Not all online scams are trying to install adware, spyware, or other malware onto your device. Often scams aren’t a virus burrowing into your hard drive but a fake lover taking root in your heart. If you ever used online dating or other types of social media services, or you might someday, make sure to protect your heart and your bank account from catfishing.
Catfishing is fraud or abuse where someone creates a false online identity to target a particular victim. Catfishers may lure their victims into providing intimate photos, videos, or other compromising data, then blackmail them. Or they may develop a relationship and then ask for money for a sudden emergency.
What are the catfishing red flags to watch for?
Catfishers can be very sneaking and can be very convincing.
If you meet someone through a dating site or social media, proceed with caution. Watch for the common signs that the person you’re interacting with may not be who they say they are.
The person seems too good to be true – If the new love interest appears to be attractive, rich, with a fancy job, it may all be fake. Many catfishers claim to have a job that has them constantly on the road, as it can be an easy cover for why they can’t meet you in person.
They move fast – Pushing the relationship forward unusually fast is an often-used technique; if this is happening, pump the breaks. Be wary about sharing very personal details too quickly (especially about issues that might garner your sympathy) or professing their feelings to you way too early.
Their story has holes – Watch for inconsistencies in their story. Do details about their job, hobbies, or family seem to change frequently? Liars tend to make mistakes or forget what they said previously. Check out how they write — for example, do they come across as a native English speaker, but their writing is full of mistakes? This could be a huge red flag that they aren’t who they say they are.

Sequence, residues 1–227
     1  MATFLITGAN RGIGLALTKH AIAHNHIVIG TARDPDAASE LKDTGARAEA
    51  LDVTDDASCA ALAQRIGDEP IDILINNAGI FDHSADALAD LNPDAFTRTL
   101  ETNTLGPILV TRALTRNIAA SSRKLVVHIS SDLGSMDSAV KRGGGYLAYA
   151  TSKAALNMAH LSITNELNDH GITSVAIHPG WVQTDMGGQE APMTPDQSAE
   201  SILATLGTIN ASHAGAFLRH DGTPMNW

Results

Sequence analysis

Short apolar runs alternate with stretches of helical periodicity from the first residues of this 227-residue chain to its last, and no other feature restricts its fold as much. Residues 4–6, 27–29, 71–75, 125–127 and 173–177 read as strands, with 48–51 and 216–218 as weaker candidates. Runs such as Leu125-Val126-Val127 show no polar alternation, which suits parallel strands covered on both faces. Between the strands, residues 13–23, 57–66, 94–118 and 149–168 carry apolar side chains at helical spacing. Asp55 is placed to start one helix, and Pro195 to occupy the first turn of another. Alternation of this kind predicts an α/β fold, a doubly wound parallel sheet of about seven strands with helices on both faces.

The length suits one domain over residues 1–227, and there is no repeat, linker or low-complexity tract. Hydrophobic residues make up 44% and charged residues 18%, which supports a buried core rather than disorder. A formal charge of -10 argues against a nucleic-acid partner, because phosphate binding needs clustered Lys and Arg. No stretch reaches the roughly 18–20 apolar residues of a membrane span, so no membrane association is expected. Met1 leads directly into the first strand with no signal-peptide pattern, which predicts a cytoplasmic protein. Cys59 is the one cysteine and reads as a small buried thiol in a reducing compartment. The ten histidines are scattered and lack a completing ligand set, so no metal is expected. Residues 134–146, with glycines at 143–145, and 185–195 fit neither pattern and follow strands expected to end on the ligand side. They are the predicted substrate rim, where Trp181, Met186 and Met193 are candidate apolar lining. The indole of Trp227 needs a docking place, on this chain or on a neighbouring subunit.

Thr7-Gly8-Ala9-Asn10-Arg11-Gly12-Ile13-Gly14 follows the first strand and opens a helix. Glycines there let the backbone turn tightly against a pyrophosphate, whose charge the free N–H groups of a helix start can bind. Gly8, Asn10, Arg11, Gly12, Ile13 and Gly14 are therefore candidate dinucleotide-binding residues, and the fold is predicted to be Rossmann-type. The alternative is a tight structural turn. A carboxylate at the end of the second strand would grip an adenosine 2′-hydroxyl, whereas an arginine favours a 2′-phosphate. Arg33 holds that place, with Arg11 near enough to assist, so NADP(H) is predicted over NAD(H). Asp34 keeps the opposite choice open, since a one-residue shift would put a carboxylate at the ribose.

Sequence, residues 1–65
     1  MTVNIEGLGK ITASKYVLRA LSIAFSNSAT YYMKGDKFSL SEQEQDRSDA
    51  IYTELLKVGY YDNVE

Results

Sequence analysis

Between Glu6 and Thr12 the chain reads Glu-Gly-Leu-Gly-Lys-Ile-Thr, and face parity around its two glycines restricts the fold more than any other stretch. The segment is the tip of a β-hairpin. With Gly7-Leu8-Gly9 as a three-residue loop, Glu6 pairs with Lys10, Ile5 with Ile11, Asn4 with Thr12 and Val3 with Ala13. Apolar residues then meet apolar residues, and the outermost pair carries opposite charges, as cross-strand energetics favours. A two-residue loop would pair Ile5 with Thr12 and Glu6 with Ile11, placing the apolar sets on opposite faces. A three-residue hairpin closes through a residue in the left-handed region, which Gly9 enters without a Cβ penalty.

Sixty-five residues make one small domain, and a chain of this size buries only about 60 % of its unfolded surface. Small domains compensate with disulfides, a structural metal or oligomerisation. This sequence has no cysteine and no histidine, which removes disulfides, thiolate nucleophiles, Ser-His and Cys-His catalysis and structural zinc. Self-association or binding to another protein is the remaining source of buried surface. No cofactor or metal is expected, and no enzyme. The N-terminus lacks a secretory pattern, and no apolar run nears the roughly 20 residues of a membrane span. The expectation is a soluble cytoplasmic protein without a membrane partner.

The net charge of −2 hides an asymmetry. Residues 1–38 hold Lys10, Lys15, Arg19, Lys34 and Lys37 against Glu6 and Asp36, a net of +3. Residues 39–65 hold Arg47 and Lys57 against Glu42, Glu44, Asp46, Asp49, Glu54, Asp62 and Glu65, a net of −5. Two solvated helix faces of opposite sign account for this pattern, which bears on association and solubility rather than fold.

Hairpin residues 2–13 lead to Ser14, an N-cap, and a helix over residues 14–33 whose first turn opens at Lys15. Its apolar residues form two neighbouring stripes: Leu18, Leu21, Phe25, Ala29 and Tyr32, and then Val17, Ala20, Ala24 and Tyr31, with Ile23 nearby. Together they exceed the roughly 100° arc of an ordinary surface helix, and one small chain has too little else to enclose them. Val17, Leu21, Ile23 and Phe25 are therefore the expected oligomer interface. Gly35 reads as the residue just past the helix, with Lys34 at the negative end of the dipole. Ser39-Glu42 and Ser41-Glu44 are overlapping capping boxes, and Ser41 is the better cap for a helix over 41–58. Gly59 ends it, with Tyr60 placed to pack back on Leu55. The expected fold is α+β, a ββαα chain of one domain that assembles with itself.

The individual has a minimal presence on social media – Check the individual out on social media and see how many friends and photos they have. If the account appears new, it could signal that they created the account just for a fake persona.
They seem to have everything in common with you – If they seem to agree with everything you say or suggest they have everything in common with you, this could be another sign that they are lying to establish common ground and build an artificial sense of trust.
What can I do to avoid being catfished?
You can do several things to protect yourself and validate whether the individual is real or possibly a catfisher.
- Ask to do a video chat via Skype, Google Duo, Zoom, or some other video chat services. If excuses start, you can bet they are catfishers – and you won’t hear from them again.
- Meet them in person. Nothing provides validation than seeing someone face to face.
- Do a Google reverse image search against the online photo they show on a dating site. You may find the same image on multiple online profiles with different names.
- Check out their online photos. Are they primarily selfies or studio shots, but none have other friends in them, show no family, or have no real context, like a vacation. That can big sign that this is a con job.
The best strategies to avoid being catfished are being skeptical, using the techniques above to confirm the person you are connecting with, is who they say they are, and just being cautious.
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